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IMF deal may affect completion of capital projects but we have no option – Akufo-Addo

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President Akufo-Addo has said that the government’s involvement in talks with the International Monetary Fund (IMF) could delay the completion of some capital projects. He has also acknowledged that this is a possibility.

The President has indicated that certain infrastructure programs run by the government may be subject to interruption as a condition of the agreement with the IMF.

In remarks made on Monday at the Jubilee House during a meeting with the Western Regional House of Chiefs, Akufo-Addo stated that the assistance for the country’s balance of payments provided by the IMF will go a long way toward assisting the nation.

However, he gave the assurance that initiatives involving capital expenditures will proceed, notwithstanding the possibility of some delays.

“We need to make sure that all projects involving capital expenditures are finished, but there will be some temporary delays while we are making the agreements with the IMF, and that is what we are experiencing right now.”

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However, at the end of the day, we will get an arrangement that allows us to continue the projects,” “We need to make sure that all projects involving capital expenditures are finished.”

The construction of the National Cathedral and the implementation of Agenda 111 are both expected to be among the main projects that will be impacted.

On a multitude of occasions, the President of the United States has made the pledge that he will see to it that the construction of the National Cathedral is finished before he leaves office in January 2025.

The construction of the National Cathedral has been mired in a number of debates, and some members of the public are of the opinion that the undertaking is pointless in light of the current state of Ghana’s economy. As a result, the project has been met with significant resistance.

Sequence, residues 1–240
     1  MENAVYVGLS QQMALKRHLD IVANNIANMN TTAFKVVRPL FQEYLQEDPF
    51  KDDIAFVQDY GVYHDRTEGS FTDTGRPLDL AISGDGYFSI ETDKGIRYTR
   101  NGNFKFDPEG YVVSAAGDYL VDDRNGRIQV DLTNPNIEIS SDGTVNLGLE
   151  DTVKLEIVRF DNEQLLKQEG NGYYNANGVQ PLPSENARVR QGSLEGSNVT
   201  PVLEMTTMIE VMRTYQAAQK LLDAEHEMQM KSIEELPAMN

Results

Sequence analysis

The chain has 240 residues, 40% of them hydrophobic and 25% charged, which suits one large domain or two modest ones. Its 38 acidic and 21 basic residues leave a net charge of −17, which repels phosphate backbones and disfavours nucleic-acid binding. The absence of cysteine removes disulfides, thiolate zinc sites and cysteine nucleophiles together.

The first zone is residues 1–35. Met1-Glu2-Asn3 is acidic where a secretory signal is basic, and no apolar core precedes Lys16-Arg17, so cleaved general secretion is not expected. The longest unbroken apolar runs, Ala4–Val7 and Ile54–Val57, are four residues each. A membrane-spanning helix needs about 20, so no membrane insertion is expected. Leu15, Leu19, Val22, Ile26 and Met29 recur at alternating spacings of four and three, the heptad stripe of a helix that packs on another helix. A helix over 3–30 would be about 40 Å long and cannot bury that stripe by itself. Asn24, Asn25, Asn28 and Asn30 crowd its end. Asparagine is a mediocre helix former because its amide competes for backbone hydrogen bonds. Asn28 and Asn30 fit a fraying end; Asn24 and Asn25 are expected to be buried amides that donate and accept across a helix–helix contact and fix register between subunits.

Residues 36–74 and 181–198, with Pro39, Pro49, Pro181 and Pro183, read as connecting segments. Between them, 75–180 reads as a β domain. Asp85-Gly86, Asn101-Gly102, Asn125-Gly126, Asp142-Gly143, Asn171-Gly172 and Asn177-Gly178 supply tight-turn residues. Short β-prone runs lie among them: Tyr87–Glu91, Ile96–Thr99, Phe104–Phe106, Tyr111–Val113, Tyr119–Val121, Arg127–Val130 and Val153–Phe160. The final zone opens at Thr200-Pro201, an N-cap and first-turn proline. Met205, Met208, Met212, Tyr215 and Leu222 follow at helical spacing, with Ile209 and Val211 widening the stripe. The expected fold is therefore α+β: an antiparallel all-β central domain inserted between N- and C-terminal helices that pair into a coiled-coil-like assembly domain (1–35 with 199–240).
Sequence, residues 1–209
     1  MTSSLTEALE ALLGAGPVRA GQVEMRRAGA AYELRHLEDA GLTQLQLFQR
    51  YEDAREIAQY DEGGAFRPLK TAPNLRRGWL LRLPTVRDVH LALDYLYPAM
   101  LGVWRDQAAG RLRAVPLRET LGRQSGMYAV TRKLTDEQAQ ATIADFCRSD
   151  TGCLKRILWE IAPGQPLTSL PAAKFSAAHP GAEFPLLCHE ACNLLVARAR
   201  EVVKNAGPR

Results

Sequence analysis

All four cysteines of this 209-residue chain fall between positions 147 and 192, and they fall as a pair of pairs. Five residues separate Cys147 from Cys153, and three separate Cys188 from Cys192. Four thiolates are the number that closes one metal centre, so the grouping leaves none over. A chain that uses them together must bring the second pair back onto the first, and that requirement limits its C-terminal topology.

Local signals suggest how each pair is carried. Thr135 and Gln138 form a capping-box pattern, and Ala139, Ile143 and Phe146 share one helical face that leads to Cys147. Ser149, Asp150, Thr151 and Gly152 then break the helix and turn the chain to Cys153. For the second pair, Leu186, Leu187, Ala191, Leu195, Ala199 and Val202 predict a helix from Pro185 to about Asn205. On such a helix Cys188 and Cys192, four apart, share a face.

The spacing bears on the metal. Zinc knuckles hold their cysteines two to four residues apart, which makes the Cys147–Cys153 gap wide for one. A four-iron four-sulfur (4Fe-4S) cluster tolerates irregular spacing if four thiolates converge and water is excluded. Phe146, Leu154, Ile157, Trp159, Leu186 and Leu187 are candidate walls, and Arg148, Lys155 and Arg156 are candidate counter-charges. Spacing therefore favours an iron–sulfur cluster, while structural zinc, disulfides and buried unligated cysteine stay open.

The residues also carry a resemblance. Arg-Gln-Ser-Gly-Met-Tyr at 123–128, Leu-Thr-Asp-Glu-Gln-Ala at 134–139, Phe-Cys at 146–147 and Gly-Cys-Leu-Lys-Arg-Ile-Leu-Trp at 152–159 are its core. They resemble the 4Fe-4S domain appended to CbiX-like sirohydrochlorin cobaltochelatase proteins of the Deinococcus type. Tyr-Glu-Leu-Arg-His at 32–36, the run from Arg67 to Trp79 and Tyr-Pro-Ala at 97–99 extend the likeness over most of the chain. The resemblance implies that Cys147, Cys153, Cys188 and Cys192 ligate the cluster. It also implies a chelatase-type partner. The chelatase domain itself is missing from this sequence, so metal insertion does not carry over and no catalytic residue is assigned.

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On Tuesday, January 24, the Member of Parliament for North Tongu, Samuel Okudzeto Ablakwa, claimed that the project to construct the National Cathedral will cost the taxpayer a total of $1 billion, whereas the government and members of the board of trustees have stated that the project will cost only $400 million.

Hon. Ablakwa, who has on multiple occasions brought up concerns regarding the significance of the National Cathedral, stated in an interview that was broadcast on Citi TV that the figure of $400 million that is being bandied about by the government as the total cost of the project ignores completely several other factors that bring the total cost of the project to well over $1 billion.

The Minister of Finance initially estimated that the project would cost $100 million; however, that number has now been revised upward to $150 million. The chairman, Opoku Onyinah, later said $200 million, but now, based on recent papers, I have determined that the project is likely to cost the Ghanaian taxpayer around $1 billion.

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According to Mr. Ablakwa’s statements to Mr. Umaru Sanda Amadu, “the same amount that previous President Mahama used to put up the Ghana Gas project, which is generating us around $400 million annually.”

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